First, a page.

Nightmare from nowhere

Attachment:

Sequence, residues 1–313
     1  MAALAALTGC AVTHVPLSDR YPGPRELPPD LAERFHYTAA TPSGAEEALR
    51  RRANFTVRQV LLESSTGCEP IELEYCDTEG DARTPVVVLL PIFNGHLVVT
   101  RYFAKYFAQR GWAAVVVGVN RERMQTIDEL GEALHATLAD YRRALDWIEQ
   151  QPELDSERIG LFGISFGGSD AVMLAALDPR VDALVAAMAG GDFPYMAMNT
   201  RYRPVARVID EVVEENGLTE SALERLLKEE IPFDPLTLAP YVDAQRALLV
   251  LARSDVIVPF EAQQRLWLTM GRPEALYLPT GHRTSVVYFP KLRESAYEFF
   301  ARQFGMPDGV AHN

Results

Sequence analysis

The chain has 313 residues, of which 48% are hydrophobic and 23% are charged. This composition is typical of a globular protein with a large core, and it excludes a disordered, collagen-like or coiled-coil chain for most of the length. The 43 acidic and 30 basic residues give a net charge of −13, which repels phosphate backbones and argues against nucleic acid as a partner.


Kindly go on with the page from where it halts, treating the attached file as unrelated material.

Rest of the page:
I had never hurt myself playing sports, or falling down, or anything like that. No, I just never got hurt. It helped that I was a theater kid, but I still did track (mostly the field events). My sophomore year in high school I took a yoga class. I proved to be quite good at it too. I was super flexible in my knees, I could bend to the ground and flat palm, touch the floor, without bending my knees. Another funny thing I could do was pop out my knee joint, and pop it back in. One day, It wouldn’t pop back in. I was sitting upstairs in my room, looking under the bed for my shoes, and as I came up, I was stuck. I was frozen from fear, ‘was my leg really stuck right now?’ I tried to move the whole leg, but then the pain came in. It felt like an elephant was leaning on my leg while it was bent, and I freaked out. I screamed for my grandparents who were trying to get all three of my siblings and I out of the house. They were so frustrated already, they must have thought I just really didn’t want to go wherever we were going. They came up, and I was sitting their on the floor holding my knee crying. I told them “my leg is stuck”. They started pushing and pulling on my leg but the pain was just so bad. They backed away and I took my turn. The worst sound in the world came out of my leg.  It sounded like a tree ripping from its roots out of the ground. It was deep and horrifying. The swelling that followed wasn’t very pleasant either, but eventually all was well. They knew I would pop my knee out, and assumed it was a fluke accident. They told me to stop screwing around with my knee, and I listened. Back in yoga class, running later in the session, we were stretching out with our knees up. The teacher told us that we finally made it through all the tedious planks and holds, to the fun part: the ten minute nap part. I started to stretch my leg back out, but it wouldn’t budge. The class had gone silent and I couldn’t move. I was too afraid to talk, so I thought I’d just give this one a try and see if I could get out of it alone this time. The pain was just so bad I started to cry as quietly as I could. I was too embarrassed to show anyone that I was a wimp who’s leg was stuck. The pain was too much though. The girl next to me noticed my suffering, and she came to help me. The whole room was silent, and so far no one else had noticed me. That is, until the bones scraped back into place echoing around the room like a fallen tree. After that, my knee kept buckling and locking. The swelling made it so I couldn’t walk anymore without pain. I went to the doctors to see what was going on. After all these tests, the machines and stretches, they came back saying their was nothing wrong with my leg. I was furious. I wanted to pop my knee right there in the office and show them what I meant but the thought of purposely injuring myself made me shut right up. The specialist sent me to physical therapy. I dreaded PT until I got their and they went over my whole body, bit by bit, explaining how things came to be. There were people there who were specialized building the localized area and some who did work on the whole leg. Week after week, I went home with more exercises that I simply could not do. I told them the pain was too much, and they agreed: something WAS wrong. I went to elliot hospital for a second opinion. They asked for my MRI scans and X-rays, and physical therapy report. They ordered another MRI but this time, they were going to inject a dye right into my knee. they increased the swelling to get a better view at my knee. 6923049816_d9ac68d099_o The results came back with a tear in my lateral meniscus and they wanted to put me in for surgery. I was so relieved, I knew something was wrong, but the though of surgery was a whole other ball park. The surgery was scheduled for the week before the end of summer vacation, right before school started up again. The day of the surgery they had all these people in my prep room. Anesthesiologist, and a bunch of nurses preping me for surgery. I won’t lie I was defiantly scared to go under, I kept thinking, ‘what if I wake up during surgery?’ Then the surgeon Dr. Johnathan Mack, came in with his little black marker, asked me which knee was hurting, I said the right knee. He signed it, then some nurse said to count down from 10. I got to like 7 or 6 and I was out. When I woke up, I thought ‘oh I’m done’ then tried to stand up. The two nurses caught me and told me not to stand on that knee. They put me in a wheel chair and wheeled me to my grandmother. I was so groggy from the anesthetic that I didn’t know what was going on really. the truth is they found the tare, and realized it was extensive. I almost needed a new knee. But overall everything was just fine, and the surgery was a success. When I got home, I had to take some pain pills. There were complications with that. I was having strong muscle cramps from my neck to my shoulder that made me unable to sit straight up. I crawled downstairs and dragged myself to my grandparents bedroom, and I tried to wake them up. It took a while but they finally woke up. They helped me get up, sat me in a chair, and they called the hospital. Just to recap, we’ve got the pediatrician, specialist, surgeon, anesthesiologist, physical therapist, and now were adding the pharmacologists. They pharmacy took a look at my charts and prescribed some anti-nausea pills and sent me on my way. Then the end of my treatment, Physical therapy again. In the end, I walked away with three little orthoscopic scars from a nightmare from nowhere. I consider this whole ordeal to be quite interdisciplinary. The disciplines involved were necessary in making sure I could still walk.
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